Our specialty lies in finding pockets of value on a global scale. But in times of world-wide uncertainty, these are notably more challenging to source.
Europe’s strongest contender for crisis-resilience is, without a doubt, Germany. It has the largest economy in Europe at USD4 trillion and operates as a renowned safe-haven for investment. IP Global has been active in this market since 2008 and it has proven to be a very fruitful venture for our investors, who’ve not only seen strong capital appreciation but also achieved on average 112% of IP Global’s rental estimates upon development completion. It is with this experience that we are excited to announce our latest investment opportunity in the promising city of Leipzig.
Today, the booming economy and strong population growth underpin Leipzig’s housing market. The population has already increased by 24% since 2000 and is expected to rise by a further 25% to 750,000 residents by 2035, making it Germany’s fastest growing city. While demand for housing has expanded rapidly, housing supply has been slow to respond with a mere 13,510 units completed in the decade up to 2017. As demand soars and supply struggles to keep up, the vacancy rate in Leipzig has tumbled from as high as 12% in 2011 to as low as 2% today. This excess demand has put sustained upward pressure on house prices, with Leipzig being one of the few locations in Germany to experience double-digit growth in the year 2019.
As we gear up to take advantage of this unique German market, let’s explore Leipzig’s background to better understand how this unique opportunity materialised.
Located 160km south of Berlin, the city of Leipzig is situated at the confluence of two great continental trade routes, the east-west Via Regia and the north-south Via Imperii. Leipzig therefore became a flourishing trade centre and economic hub in the 14th century, and during this time developed a rich culture and leading educational role within Germany. The University of Leipzig, founded in 1409, is the second oldest university in Germany and one of the oldest in Europe.
Leipzig quickly became a hub of innovation, giving rise to the world’s first daily newspaper published in 1650. The first high speed printing press in Germany was later invented here in 1829, along with the introduction of steam-powered production machines which revolutionised the textile industry. At the forefront of business and technological change, the first long distance railway line in Germany was completed between Leipzig and Dresden in 1838. This laid the foundations for Leipzig’s industrial development, and by 1915 Leipzig Central Station was the largest rail station in Europe.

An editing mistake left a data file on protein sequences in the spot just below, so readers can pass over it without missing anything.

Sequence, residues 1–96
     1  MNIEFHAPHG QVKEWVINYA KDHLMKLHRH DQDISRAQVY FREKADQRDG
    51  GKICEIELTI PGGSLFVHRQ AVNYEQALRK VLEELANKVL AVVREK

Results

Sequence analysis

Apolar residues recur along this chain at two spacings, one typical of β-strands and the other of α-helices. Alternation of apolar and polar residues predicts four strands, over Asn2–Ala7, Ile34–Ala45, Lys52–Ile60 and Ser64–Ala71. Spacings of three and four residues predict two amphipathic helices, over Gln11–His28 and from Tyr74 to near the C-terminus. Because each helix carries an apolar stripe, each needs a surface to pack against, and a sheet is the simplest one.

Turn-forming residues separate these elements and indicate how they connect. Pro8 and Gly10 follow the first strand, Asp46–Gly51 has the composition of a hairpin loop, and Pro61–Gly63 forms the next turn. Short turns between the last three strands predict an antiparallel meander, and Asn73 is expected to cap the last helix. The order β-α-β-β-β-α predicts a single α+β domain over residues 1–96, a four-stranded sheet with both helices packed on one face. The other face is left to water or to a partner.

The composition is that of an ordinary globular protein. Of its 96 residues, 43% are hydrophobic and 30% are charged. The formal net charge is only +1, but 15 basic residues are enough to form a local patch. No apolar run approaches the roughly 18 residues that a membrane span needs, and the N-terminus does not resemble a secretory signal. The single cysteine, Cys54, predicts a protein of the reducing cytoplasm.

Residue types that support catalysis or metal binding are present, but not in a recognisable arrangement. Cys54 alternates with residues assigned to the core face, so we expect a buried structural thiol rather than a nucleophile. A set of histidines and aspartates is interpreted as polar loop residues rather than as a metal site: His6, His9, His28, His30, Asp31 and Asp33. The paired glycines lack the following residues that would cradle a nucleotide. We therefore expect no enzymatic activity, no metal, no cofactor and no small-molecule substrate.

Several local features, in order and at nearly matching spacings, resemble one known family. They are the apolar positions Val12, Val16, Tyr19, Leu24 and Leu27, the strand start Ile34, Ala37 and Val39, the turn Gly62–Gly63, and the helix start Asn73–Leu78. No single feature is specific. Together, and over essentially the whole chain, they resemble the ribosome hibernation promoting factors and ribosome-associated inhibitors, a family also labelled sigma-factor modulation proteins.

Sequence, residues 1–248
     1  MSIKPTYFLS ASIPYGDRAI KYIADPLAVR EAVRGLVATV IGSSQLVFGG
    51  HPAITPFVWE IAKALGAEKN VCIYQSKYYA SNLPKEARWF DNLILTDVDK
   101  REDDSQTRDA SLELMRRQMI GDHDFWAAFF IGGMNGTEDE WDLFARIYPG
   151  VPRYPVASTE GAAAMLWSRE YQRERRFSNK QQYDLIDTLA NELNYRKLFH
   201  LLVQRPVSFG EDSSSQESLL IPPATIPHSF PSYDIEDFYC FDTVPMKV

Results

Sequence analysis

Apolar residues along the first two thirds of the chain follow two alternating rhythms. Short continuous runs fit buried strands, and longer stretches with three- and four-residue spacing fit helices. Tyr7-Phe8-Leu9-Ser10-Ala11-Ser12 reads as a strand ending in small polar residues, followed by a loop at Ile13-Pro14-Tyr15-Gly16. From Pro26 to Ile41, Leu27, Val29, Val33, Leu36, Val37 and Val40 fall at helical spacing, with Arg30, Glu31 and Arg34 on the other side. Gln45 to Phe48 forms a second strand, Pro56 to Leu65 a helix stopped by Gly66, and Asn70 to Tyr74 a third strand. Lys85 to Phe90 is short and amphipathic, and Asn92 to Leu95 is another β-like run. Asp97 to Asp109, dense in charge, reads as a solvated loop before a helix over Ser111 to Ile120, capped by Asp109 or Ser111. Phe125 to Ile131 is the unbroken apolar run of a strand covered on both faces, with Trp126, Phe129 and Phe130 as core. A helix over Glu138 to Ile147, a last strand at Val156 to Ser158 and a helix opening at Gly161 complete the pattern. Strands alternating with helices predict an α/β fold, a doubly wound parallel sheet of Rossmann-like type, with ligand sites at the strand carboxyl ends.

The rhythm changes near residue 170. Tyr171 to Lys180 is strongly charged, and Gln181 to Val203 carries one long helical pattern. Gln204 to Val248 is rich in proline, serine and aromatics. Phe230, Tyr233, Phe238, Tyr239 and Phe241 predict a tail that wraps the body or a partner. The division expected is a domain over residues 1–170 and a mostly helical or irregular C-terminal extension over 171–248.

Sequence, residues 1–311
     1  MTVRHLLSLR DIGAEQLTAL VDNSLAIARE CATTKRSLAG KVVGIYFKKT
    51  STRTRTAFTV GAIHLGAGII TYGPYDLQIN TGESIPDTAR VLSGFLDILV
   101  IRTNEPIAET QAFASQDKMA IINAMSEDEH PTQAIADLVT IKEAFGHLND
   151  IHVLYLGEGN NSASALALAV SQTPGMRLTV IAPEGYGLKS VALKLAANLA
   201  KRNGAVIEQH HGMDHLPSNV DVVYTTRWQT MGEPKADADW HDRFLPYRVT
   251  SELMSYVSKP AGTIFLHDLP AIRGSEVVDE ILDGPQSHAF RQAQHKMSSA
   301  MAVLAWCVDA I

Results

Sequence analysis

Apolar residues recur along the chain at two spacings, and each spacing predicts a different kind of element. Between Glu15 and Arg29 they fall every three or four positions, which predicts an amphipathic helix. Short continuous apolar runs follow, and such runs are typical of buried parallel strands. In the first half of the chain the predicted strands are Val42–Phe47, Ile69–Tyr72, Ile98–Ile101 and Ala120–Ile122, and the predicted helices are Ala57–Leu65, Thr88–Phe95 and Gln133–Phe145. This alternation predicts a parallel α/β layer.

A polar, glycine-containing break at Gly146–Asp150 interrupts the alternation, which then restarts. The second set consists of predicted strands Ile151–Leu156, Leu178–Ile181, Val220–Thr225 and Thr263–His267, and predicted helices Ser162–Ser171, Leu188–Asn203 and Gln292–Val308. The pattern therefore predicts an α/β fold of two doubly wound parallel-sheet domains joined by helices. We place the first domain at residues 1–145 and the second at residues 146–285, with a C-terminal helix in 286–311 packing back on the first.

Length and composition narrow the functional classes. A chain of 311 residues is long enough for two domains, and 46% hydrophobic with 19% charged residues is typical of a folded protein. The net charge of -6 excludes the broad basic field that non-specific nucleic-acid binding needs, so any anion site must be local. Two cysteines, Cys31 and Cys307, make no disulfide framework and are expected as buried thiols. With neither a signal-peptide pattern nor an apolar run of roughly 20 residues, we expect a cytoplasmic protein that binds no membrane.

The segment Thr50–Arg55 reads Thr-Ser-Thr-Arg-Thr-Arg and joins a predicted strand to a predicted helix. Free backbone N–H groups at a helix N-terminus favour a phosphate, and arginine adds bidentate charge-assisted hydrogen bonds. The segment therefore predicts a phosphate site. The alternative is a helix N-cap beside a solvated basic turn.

Leipzig was one of Europe’s fastest growing cities at the end of the 19th century, and by 1933 was the fourth largest city in Germany. It was relatively unscathed by the Second World War compared to the neighbouring city of Dresden, and therefore became the industrial production centre of the communist-run German Democratic Republic’s (GDR) economy. In the 1980’s Leipzig became the centre of a peaceful protest movement against the GDR’s policies, such as the erection of the Berlin Wall in 1961. These peaceful protests culminated with the Monday Demonstrations in 1989 which are widely credited as accelerating the fall of the Berlin Wall and paving the way for German unity.
The 1990’s were a difficult period for Leipzig. After the fall of the Berlin Wall and German Reunification, many former communist-era East German industries collapsed. This resulted in severe job losses and depopulation in Leipzig as many people migrated to West Germany. The outlook appeared quite bleak, however with the newly elected Mayor Wolfgang Tiefensee in 1998 came renewed hope for the city. New strategies focusing on education, urban renewal, economic development, social integration and environmental reclamation were considered the key to renewed growth of private enterprise and investment.
Leipzig reinvented and refocused its economy on five key business clusters, selected as promising industries with future high-growth potential. These five key clusters which have experienced the highest levels of employment growth since 2005, form a robust platform for the diverse economy to innovate and grow sustainably.
The five key clusters have proven highly successful since their creation. Better infrastructure and vigorous support of the new industry focus has aided the city in attracting prestigious “lighthouse” firms such as Porsche, BMW, DHL and Amazon. These firms act as beacons for Leipzig’s economic revival and growing global status.
A start-up scene is materialising in the city too, attracting many founders with its high quality of life and relatively low costs compared to other cities. Numerous incubators, accelerators, and co-working spaces provide entrepreneurs with business premises, expertise, and high-quality talent creating the perfect environment in which start-ups can flourish. There are currently an estimated 250 start-ups operating in Leipzig focusing on a range of sectors such as e-commerce, big data, energy infrastructure and smart mobility. Leipzig currently ranks as the 5th strongest start-up hub in Germany, and 117th globally -having jumped 173 places in a single year.